I learned from these various experiences that I am much more comfortable with traditional, interpersonal forms of communication on matters of public interest than I am with protest rallies. While rallies are good news makers and can get an issue on everyone's radar, I think dialog has more chance of making a long term impact than does a protest rally. Dialog is also much more in my element, or comfort zone, than shouting protests at the doors to the House of Representatives. The Save Texas Schools Rally in the Capitol actually helped cement these perspectives for me, because it included time to visit the offices of legislators as well as the actual organized "protest" time outside of the House doors. I learned new perspectives by talking with the legislative staffers, and also learned that some of them agree with the positions I hold. I probably learned the most, though, from those who disagree with me. Not that they changed my mind, but they did help me to see a different side of the issue. I think in understanding the positions on all sides we have a better chance of meeting somewhere in the middle, hopefully for everyone's benefit.

Biggest Takeaway

My biggest takeaway from this legislative session? I have a voice, and I need to use it. We elect legislators to represent us; they cannot read the minds of their constituents. Voting in the election is just the beginning of our responsibility. We need to stay informed on the issues and act on the information. And if you want to get past the sound bites in the media, you're going to have to do a little digging, or stay connected to others who are digging like professional organizations or grassroots watchdog/advocacy groups. If possible, get information from a multitude of sources; somewhere in the middle of it all is a course we can all set and live with.

Becoming informed also puts you in the position of being able to inform others. Based on the information I was taking in, I was led to create a website to track educator job losses and try to inform others about how Texas public schools are funded. I can easily point friends and colleagues who have questions to that site. Creating it helped me internalize important information that I used when communicating with legislators, or when I heard our Governor cite statistics that were not accurate.

Second Biggest Takeway

Perhaps my second biggest takeaway was this: The citizens and legislators involved in the political process are all human beings, just like you and me, and I truly believe that citizens and legislators, no matter which side of the issue they come from, want what is best for their communities. We may not all agree on what is best or where the highest priorities should be, but we are all involved for the purpose of making today and the future better for ourselves and those who will come after us.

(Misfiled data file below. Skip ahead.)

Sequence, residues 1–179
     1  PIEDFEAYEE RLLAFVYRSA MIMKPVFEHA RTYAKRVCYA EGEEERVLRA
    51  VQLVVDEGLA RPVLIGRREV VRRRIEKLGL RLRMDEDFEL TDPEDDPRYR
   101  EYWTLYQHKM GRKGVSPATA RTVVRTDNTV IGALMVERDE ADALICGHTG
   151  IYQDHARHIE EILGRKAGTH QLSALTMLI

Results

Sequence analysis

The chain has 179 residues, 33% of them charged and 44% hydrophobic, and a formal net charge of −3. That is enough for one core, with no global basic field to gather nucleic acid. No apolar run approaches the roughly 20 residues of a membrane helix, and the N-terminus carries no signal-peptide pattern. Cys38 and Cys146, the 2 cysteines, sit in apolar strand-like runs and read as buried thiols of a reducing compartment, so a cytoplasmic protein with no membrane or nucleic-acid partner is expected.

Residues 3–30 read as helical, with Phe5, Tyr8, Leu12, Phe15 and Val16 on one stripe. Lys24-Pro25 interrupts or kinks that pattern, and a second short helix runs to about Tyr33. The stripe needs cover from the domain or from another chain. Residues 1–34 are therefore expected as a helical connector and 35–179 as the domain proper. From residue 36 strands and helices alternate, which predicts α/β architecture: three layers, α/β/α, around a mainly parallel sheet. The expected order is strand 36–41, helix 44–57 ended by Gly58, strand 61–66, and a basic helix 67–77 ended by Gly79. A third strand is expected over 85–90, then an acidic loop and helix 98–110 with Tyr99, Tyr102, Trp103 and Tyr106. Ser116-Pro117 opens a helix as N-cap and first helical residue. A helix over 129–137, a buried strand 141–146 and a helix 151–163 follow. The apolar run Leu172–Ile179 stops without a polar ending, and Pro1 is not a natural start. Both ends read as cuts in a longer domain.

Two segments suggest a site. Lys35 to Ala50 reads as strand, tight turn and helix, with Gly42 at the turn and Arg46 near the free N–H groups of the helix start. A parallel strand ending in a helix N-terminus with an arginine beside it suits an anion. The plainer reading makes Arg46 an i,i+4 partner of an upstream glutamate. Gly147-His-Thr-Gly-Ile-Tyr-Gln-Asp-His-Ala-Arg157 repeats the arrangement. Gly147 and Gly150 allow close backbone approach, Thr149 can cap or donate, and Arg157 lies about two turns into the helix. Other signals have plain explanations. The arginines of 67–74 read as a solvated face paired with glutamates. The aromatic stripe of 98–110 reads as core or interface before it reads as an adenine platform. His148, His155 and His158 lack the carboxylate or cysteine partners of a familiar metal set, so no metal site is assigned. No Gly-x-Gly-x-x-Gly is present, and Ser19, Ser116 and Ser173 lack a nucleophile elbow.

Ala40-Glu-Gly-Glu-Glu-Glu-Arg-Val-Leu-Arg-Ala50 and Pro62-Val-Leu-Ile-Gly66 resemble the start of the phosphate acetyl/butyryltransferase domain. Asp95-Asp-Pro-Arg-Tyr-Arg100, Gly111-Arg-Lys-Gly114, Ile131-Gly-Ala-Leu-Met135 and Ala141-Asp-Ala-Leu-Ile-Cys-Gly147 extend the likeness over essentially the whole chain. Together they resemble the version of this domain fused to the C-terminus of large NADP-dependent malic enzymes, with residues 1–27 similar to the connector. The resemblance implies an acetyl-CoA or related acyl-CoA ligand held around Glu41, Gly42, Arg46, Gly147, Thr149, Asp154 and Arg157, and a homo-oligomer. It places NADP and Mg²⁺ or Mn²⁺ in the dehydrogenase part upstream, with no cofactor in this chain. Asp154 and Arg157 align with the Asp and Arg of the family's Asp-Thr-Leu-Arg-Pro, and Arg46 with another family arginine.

I may be a Pollyanna, but after all of the interaction I've had with stakeholders and legislators over the past few months, I refuse to believe much of what I've heard and read regarding an unspoken agenda on the part of some political groups to destroy public education. If there are such people out there, I believe they are in a fringe minority. What the majority of us want is improved public education. There is of course, a great deal of disagreement on how to improve our public schools. We need to keep the conversation going around what it takes to improve education. Assertions that there are organized groups trying to undermine education take energy and focus away from dealing with the real issues such as an equitable funding system for Texas public schools and the overemphasis on standardized testing as a measure of educational success for students and teachers. If we can meet at a table in the middle of all this and talk with each other instead of hurling accusations, maybe we can finally make headway in improvement of our public schools.

My Representative Listens

In all of this, I also have to give kudos to my representative, Larry Gonzales, and his staff, for taking time to meet with me and talk with me on the phone on multiple occasions this session. During the March 21st TCEA Educational Technology day, I saw Representative Gonzales at the Capitol elevators and took a moment to introduce myself to him. I could tell he was in a hurry, so I was not going to repeat to him what I had already spoken to his chief of staff about earlier in the day, but he stopped and took time to ask me why I was at the Capitol that day. A few weeks later, he phoned me personally to let me know he had voted for one of the bills I had been there to advocate for. Just yesterday, I stopped by his office, not to share any opinions about anything but just to say thanks for all the work he and his staff were doing and for always politely taking my comments and calls during the session. And he remembered me when I walked in the door, as he mentioned  our meeting at the elevators two months ago and remembered the school district I work for. Wow! He then took time to update me on legislation he had worked on and share some of his perspectives on current legislation. All this while his wife and two kids were there trying to grab a little lunch with him since he has been quite busy the past few weeks.

I do not agree with every vote Representative Gonzales has made, as I'm sure you don't agree with everything your Representatives and Senators have done, but one thing you should acknowledge is this: They stepped up. They ran and now they are in Austin working for you. It is largely a thankless job since you can never make everyone happy. It is truly a sacrifice of time and I am grateful for the men and women who fill these positions and keep our democracy working.

And It's Far From Over